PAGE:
Author + information
- Received June 4, 1993
- Revision received August 25, 1994
- Accepted August 31, 1994
- Published online February 1, 1995.
- Walter Palmas, MD1,
- Scott Bingham, MD,
- George A. Diamond, MD, FACC,
- Timothy A. Denton, MD, FACC,
- Hosen Kiat, MD, FRACP, FACC,
- John D. Friedman, MD, FACC,
- Debra Scarlata, MS,
- Jamshid Maddahi, MD, FACC,
- Ishac Cohen, PhD and
- Daniel S. Berman, MD, FACC∗
- ↵∗Address for correspondence: Dr. Daniel S. Berman, Co-Chairman, Department of Imaging, Cedars-Sinai Medical Center, 8700 Beverly Boulevard, Los Angeles, California 90048.
Objectives.This study assessed the incremental prognostic value of exercise thallium-201 myocardial perfusion single-photon emission computed tomography (SPECT) performed ≥5 years after coronary artery bypass surgery.
Background.Thallium-201 scintigraphy has shown significant prognostic value in a variety of populations with suspected and known coronary artery disease. However, its value in patients with previous bypass surgery remains unknown.
Methods.We studied 294 patients who were prospectively followed up. Cox proportional hazards models for prediction of “hard” events (cardiac death and nonfatal infarctions) were constructed, with variables considered for inclusion in hierarchic order: clinical and exercise data first, followed by scintigraphic information.
Results.Mean (± SD) follow-up duration after scintigraphy was 31 ± 11 months. There were 20 cardiac deaths and 21 monfatal acute myocardial infarctions. Twenty-nine patients had late (>60) days after thallium-201 SPECT) revascularization procedures or underwent repeat bypass surgery or percutaneous transluminal angioplasty. Shortness of breath and peak exercise heart rate were the most important clinical predictors of hard events. Two scintigraphic variables added significant prognostic information to the clinical model: the thallium-201 summed reversibility score (summation of segmental differences between stress and redistribution scores) and the presence of increased lung uptake of the radiotracer. The global chi-square statistic for this model was twice as high as that for the clinical/exercise model alone (49.7 vs. 24.2). When a second multivariate Cox model was build adding “soft” events (i.e., late revascularization procedures) as outcomes of interest, the summed reversibility score was selected as an independent scintigraphic predictor of events. The global chi-square statistic for this model was 50.7, three times as high as that for the clinical/exercise model alone.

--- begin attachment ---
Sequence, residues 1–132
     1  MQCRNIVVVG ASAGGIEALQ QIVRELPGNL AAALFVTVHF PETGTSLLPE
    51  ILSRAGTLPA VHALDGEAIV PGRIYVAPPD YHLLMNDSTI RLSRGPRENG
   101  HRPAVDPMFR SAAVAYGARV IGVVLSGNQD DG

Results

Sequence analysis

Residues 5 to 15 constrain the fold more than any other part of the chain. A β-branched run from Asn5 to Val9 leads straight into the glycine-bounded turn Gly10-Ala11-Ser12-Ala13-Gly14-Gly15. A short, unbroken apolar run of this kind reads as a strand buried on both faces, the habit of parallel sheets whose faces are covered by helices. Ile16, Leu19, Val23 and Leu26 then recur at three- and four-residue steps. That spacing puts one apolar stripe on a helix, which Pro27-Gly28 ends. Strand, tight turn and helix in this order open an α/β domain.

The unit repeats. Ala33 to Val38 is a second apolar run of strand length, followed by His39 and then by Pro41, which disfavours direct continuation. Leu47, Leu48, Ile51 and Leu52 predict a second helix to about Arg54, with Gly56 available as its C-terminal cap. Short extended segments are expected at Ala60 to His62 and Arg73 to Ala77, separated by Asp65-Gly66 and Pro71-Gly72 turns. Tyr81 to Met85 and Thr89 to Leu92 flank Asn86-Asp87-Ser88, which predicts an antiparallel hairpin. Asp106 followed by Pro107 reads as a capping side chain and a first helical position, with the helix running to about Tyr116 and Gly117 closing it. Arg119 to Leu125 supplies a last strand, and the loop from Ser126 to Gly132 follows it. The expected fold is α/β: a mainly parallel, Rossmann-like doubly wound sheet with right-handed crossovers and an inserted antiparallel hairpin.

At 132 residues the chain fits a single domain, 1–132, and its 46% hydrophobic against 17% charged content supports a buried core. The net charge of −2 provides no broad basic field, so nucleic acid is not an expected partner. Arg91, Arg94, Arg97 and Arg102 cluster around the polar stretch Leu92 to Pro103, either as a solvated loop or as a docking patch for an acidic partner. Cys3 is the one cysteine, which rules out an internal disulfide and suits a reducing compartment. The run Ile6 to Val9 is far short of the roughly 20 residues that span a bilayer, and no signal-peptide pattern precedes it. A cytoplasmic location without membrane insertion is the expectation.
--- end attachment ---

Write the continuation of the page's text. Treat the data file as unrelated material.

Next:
Conclusions.After evaluation of treadmill and exercise data, thallium-201 myocardial perfusion SPECT provided incremental prognostic information in patients late after bypass.
↵1 Dr. Palmas was the recipient of a postdoctoral scholarship from The Rotary Foundation, Evanston, Illinois.
☆ This work was presented in part at the 65th Annual Scientific Sessions of the American Heart Association, Anaheim, California, November 1991.
- Received June 4, 1993.
- Revision received August 25, 1994.
- Accepted August 31, 1994.